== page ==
Who do you think you are?

How we did it: Overview of Key Resources

Every Who Do You Think You Are? programme poses new challenges for our team, and we are constantly amazed by the discoveries made as we explore the family history of our celebrities.

However, without reference to essential resources and methods, we could not reveal such extraordinary details about the lives of our celebrities' relatives. We have identified some of the key tools used in the research and production process for this series, and hope that they may be useful as you investigate the lives and times of your own ancestors.

A B C D E F G H I J K L M N O P Q R S T U V W X Y Z

Archive Documents

There are literally millions of documents stored in archives all over the world. They can be official, legal or personal documents, or seemingly random memorabilia. Many of them will contain information about your ancestors.

  • Some documents may have passed directly through your ancestors' hands or even show their handwriting.
  • Tracking down relevant archives and accessing their collections can take some time, but tools such as the ARCHON directory, which contains contact details for archives in the UK and beyond, and online catalogues, such as The National Archives: Access to Archives or the Scottish Archives Network, can be very useful.
  • If you are unable to visit the relevant archive yourself, there is usually the option of hiring the archivist or an independent researcher to find the information for you.

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Army Medical Services Records

  • As with many military records, a good place to start searching for your ancestor in the Army Medical Services is The National Archives at Kew, west London.
  • The Army Medical Services Museum also holds some records for officers, together with a collection of material relating to the history of the services, which will bring colour to your ancestors' experiences and put them into context.

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Birth Certificates

Birth certificates are one of the key genealogical resources.

  • They contain the date and place of a birth; the names of the child and both parents, including the mother's maiden name; and the occupation of the father.
  • Scottish birth certificates also contain the date and place of the parents' marriage.
  • Indexes to certificates for England and Wales are available online at a number of sites, and certificates can be ordered online from the General Register Office.
  • For Scottish ancestors, both the marriage indexes and digitised copies of the certificates are available online at ScotlandsPeople.

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Burial Records

Burial records can lead you to your ancestor's final resting place, and therefore perhaps to the burial plots of other relatives or to monument inscriptions that can provide invaluable information about your family members, their dates and relationships to one another.

  • Burials were recorded at a parish level, and the records can be found in the relevant local or county archive.
  • There are also several collections online, including on the genealogical websites FindMyPast, the Origins Network and on the International Genealogy Index.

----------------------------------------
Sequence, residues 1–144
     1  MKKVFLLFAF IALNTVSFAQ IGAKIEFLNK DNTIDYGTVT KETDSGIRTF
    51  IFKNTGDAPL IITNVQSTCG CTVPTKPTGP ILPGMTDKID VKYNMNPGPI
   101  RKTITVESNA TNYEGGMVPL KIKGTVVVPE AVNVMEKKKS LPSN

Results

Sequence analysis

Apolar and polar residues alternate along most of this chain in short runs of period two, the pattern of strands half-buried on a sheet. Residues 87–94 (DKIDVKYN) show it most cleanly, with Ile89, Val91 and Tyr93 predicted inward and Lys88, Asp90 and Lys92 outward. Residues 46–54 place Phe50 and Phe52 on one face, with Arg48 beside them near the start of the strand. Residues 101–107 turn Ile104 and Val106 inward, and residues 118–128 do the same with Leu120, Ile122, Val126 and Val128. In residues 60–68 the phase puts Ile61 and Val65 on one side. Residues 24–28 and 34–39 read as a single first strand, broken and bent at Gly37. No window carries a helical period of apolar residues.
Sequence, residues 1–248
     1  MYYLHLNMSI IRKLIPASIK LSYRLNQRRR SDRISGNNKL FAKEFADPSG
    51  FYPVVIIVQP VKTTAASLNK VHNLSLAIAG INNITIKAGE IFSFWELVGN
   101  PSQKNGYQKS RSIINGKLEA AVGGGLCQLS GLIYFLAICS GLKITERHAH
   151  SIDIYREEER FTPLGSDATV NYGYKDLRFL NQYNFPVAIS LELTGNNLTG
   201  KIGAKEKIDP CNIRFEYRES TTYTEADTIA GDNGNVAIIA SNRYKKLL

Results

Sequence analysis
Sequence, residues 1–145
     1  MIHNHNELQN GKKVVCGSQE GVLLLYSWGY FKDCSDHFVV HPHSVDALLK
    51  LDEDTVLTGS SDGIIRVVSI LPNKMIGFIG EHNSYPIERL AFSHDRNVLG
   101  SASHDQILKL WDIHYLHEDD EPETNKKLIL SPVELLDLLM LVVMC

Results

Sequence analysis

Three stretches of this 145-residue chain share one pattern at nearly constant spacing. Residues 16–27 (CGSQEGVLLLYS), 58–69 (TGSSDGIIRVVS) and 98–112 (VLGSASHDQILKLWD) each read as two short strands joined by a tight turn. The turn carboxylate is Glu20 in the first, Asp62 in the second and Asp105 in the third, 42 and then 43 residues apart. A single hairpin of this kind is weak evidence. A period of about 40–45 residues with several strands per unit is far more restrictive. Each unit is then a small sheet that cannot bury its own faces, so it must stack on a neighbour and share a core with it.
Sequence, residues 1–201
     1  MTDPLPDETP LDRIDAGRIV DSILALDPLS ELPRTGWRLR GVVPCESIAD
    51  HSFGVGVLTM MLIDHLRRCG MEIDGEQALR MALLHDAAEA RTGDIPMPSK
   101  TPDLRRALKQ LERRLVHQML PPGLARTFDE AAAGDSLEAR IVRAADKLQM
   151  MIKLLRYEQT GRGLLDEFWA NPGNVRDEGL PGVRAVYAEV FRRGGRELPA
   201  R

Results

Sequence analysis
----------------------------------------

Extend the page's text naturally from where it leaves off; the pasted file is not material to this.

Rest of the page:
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Business Letters

If you can find surviving letters from an ancestor's business, all kinds of genealogical and personal information can be gleaned from them.

  • Whether or not your ancestor is mentioned personally, you might discover information such as working conditions, company policies, wages and how the business was doing.
  • If your ancestor was senior enough to be mentioned in the letters or even to have written them, you are likely to get an idea of how successful they were in the world of work, how they interacted with their colleagues and other personal details.
  • Business letters sometimes survive in a family, or have been deposited in a local or national archive or an archive specific to that business.
  • Many archives have their collections catalogued or listed on their websites or on national databases such as The National Archives: Access to Archives (which contains catalogues relating to England and Wales) or its Scottish equivalent, the Scottish Archive Network.

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Census Records

One of the corner stones of genealogical research, census returns, provide a snapshot of the population at intervals of ten years.

  • The census records information such as names, ages, occupations and places of birth of (in theory) every member of every household in the country, which helps identify family members and their relationship to each other, as well as visitors, guests, boarders, lodgers, neighbours and more.
  • The returns from 1841, 1851, 1861, 1871, 1881, 1891, 1901 and a growing collection from England and Wales for 1911 are available online at a number of sites.
  • Remember that your ancestors will be recorded at the location they were found on the night that the census was taken, which may not be their usual residence. They might be staying with friends, at work, at school, in prison, in hospital or on holiday. Occasionally individuals or households were accidentally missed out, or deliberately avoided having their details recorded.

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Colonial Death Records

Many of our British ancestors who lived in the former colonies registered the births, marriages and deaths of family members that took place abroad.

  • The British Library holds records of those who died in India, but the indexes to births, marriages and deaths overseas are also available online on websites such as FindMyPast and FamilyRelatives.
  • The certificates found in these indexes can be ordered from the General Register Office.

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Company Records

If your ancestor worked for a company, all kinds of records may survive to help illustrate their career.